“This work” I said coming back to ‘The Modern Kids’, “feels different to your earlier work, more emotionally engaged”.
“Yes,” she replied. “I am not quite so strict in my approach anymore. I no longer measure distances,” she laughed, “the narrative is becoming stronger.”
Later that evening, I was able to see just how engaged Jona had been with her subjects. We were at a screening of her film “Baby Faced Assassin” at the Small Cinema in Liverpool. Paul Butler the “Baby Faced Assassin” himself, former British Bantam boxing champion, sat a few seats away from me, as did his Mum, sister, girlfriend and several other boxing mates.
At the end of the screening there was polite applause in the way only an English audience can pull off. The lights went on. With what felt like a sense of deep respect for Jona, the family approached her to say how much they had enjoyed the film. But it wasn’t only respect. There was affection too. My earlier doubts about her motives evaporated.
“Apart from Sander, who else has influenced your vision” I asked, driving to Rampworx Skatepark in Aintree where she had taken photographs of skateboarders.
“When I was in school, I wrote my senior thesis on Jack Kerouac and Robert Frank. I had grown up in a suburban shoebox and was very curious to see more, so when certain requirements were fulfilled and school completed, I started taking road trips. Those early road trips had a big effect on me and you could say lead me to Ellesmere Port. It was in a youth hostel in New Orleans where I met my friend from the Wirral.” she said. Hence the work on “The Modern Kids”.
“I love the work of Lindsay Morris particularly ‘You are You’, which depicts a summer camp for gender-nonconforming children and their families. David Hilliard’s work is absolutely beautiful – particularly his triptychs. I love thinking about them, the way life is puzzled together. Of course, there is Joel Sternfeld and Bruce Weber and Richard Avedon…and…Gus Powell, do you know his work, the street photographer? I think you would like it. It’s not unlike yours. It’s theatre. I really admire it, perhaps because it’s quite different to my work.”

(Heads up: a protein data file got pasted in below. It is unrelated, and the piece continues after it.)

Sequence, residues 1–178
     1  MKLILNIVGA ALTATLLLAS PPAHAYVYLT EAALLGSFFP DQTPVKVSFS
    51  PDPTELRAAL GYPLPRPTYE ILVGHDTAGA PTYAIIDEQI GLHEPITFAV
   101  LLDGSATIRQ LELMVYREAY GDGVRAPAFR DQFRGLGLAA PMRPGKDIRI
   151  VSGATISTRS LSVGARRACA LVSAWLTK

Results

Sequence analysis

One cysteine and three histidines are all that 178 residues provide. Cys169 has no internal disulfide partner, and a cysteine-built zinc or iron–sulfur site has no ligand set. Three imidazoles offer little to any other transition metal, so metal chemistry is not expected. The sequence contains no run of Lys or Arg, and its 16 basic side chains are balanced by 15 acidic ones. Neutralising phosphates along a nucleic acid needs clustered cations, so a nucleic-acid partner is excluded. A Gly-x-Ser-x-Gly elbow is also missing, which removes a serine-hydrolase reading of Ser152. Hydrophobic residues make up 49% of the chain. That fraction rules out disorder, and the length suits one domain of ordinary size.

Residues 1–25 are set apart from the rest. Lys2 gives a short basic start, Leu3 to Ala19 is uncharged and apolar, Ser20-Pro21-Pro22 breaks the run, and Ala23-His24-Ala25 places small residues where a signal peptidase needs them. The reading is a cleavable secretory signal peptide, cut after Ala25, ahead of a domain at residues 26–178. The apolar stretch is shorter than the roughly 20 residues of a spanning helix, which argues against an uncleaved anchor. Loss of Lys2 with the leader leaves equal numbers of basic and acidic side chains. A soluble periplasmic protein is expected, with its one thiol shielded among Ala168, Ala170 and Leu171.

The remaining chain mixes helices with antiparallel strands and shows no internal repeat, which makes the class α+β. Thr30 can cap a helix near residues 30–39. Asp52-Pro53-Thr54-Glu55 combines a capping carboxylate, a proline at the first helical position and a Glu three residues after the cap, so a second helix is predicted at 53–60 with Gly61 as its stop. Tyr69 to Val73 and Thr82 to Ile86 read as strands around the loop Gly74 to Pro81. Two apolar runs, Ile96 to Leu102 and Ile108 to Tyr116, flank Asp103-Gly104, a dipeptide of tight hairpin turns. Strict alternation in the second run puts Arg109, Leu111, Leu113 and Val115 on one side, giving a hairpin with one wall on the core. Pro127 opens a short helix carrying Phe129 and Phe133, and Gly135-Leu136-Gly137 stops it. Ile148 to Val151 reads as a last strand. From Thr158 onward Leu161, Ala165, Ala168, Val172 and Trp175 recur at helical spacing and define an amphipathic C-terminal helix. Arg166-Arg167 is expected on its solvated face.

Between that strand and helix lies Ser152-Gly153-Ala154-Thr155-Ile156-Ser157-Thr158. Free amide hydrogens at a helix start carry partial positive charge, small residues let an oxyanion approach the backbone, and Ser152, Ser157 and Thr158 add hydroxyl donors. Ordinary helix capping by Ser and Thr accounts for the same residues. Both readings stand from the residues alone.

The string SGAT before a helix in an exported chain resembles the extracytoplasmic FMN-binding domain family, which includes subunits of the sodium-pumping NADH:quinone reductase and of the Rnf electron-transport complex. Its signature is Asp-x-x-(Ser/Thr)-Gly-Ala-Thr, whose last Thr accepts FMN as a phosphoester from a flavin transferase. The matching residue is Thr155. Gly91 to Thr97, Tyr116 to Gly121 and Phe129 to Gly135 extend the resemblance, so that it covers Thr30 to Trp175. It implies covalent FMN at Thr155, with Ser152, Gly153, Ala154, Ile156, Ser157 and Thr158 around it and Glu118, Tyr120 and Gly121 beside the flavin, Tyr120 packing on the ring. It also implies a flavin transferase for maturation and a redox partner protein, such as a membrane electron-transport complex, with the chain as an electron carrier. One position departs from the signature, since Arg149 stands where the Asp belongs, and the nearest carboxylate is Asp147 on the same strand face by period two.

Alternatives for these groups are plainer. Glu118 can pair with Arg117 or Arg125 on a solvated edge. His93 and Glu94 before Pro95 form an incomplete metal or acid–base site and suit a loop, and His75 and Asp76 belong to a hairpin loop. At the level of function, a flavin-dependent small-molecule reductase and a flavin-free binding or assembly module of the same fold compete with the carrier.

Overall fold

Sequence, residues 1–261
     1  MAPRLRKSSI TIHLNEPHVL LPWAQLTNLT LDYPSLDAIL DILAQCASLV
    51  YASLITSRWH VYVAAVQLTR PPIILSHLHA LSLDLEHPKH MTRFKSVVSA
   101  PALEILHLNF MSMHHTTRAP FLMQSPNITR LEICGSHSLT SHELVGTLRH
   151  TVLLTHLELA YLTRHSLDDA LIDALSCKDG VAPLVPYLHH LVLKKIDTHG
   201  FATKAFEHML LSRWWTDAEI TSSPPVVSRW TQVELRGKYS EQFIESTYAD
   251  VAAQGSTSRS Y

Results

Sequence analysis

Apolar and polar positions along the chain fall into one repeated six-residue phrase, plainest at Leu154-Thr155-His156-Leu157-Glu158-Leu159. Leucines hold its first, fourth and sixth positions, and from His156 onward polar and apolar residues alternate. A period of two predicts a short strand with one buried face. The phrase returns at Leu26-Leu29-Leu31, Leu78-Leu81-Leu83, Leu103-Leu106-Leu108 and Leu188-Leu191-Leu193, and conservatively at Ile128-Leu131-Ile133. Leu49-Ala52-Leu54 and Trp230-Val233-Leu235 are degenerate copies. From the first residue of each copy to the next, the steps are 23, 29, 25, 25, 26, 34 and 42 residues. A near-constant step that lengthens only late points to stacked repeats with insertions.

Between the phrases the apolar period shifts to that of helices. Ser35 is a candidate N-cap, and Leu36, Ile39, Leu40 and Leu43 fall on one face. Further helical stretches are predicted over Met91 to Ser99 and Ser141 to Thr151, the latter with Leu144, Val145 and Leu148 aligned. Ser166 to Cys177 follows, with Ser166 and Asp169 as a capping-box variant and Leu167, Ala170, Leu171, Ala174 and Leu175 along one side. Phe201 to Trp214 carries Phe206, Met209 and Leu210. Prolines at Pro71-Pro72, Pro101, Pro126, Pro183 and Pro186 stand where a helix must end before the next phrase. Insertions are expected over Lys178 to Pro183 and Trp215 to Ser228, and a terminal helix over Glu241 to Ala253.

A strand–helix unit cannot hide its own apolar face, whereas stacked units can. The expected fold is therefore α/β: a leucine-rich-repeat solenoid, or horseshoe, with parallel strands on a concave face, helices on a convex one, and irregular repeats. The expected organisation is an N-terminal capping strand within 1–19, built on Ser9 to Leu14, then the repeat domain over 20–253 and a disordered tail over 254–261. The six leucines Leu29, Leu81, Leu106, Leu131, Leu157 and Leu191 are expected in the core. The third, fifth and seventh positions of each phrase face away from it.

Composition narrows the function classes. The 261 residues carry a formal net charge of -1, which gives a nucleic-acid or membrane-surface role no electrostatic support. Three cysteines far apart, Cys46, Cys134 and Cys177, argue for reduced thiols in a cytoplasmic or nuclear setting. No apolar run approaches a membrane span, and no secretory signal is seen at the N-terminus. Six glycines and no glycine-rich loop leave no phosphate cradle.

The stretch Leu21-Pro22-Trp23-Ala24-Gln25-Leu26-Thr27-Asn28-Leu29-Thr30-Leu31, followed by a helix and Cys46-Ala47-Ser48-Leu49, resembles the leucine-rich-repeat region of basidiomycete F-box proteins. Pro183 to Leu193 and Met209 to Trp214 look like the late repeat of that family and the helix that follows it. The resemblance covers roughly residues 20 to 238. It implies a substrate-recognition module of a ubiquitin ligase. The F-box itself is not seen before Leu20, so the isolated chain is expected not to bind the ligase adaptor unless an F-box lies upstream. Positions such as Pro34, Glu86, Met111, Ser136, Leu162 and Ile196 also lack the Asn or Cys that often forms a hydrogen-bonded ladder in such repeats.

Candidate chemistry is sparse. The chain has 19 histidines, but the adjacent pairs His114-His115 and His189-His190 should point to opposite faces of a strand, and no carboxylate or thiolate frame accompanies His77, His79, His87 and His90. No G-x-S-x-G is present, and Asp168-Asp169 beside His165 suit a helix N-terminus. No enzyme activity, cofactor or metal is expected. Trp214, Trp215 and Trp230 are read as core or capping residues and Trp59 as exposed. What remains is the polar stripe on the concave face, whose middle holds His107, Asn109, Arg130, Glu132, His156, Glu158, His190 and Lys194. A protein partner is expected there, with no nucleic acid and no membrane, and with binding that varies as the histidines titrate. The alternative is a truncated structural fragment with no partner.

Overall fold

“Music makes me think about photography”, she said, enigmatically, but before I could pursue the thought, she cut in… “Please Stop! Can you pull in here?”
I turned into a lay-by. “Would you mind if we turned the car around? I just saw one of my photographs on a wall!”
We drew up beside the Athol Vaults, a boarded-up pub on Liverpool’s Dock Road. There could not have been a more apt place of display for her photograph. I looked at her – her face had lit up and in that moment I understood something about her photographs.
Jona Frank’s Biography, Publications
Jona’s new book: The Modern Kids, just released in the UK.
Social Media and Links
Jona Frank’s photography can be seen on her web-site: www.jonafrank.com
Jona’s agent, Shelley De Soto can be contacted on her web-site at the address: http://www.desotogallery.com
I wish to thank Jona Frank for sharing her time, patience and insights with me.
Jona Frank showed her work as part of the Liverpool International Photography Festival 2015.
Interview © Tony Cearns
Further interviews by Tony Cearns can be seen at Sideways Eye
Artist’s Photographs © Jona Frank
Jona Frank was born in New Jersey and moved to California to attend film school at USC. Her photography is primarily portraiture and her first book, High School, looks at social groups in suburban high schools throughout the US. Her second book, Right, is about a college of home-schooled kids who are being groomed to be the future of the Republican Party. Jona says her film work grew out of her photography. Her first short, Catholic School, premiered at the Sundance FIlm Festival and was bought by Bravo, showed internationally, and lead to documentary work for PBS. Artistically, Jona is interested in blurring the lines between still and motion and began to create gallery and museum installation pieces, using motion picture film with skaters and ROTC recruits. Jona is interested in how people learn to negotiate the world and find their place and group.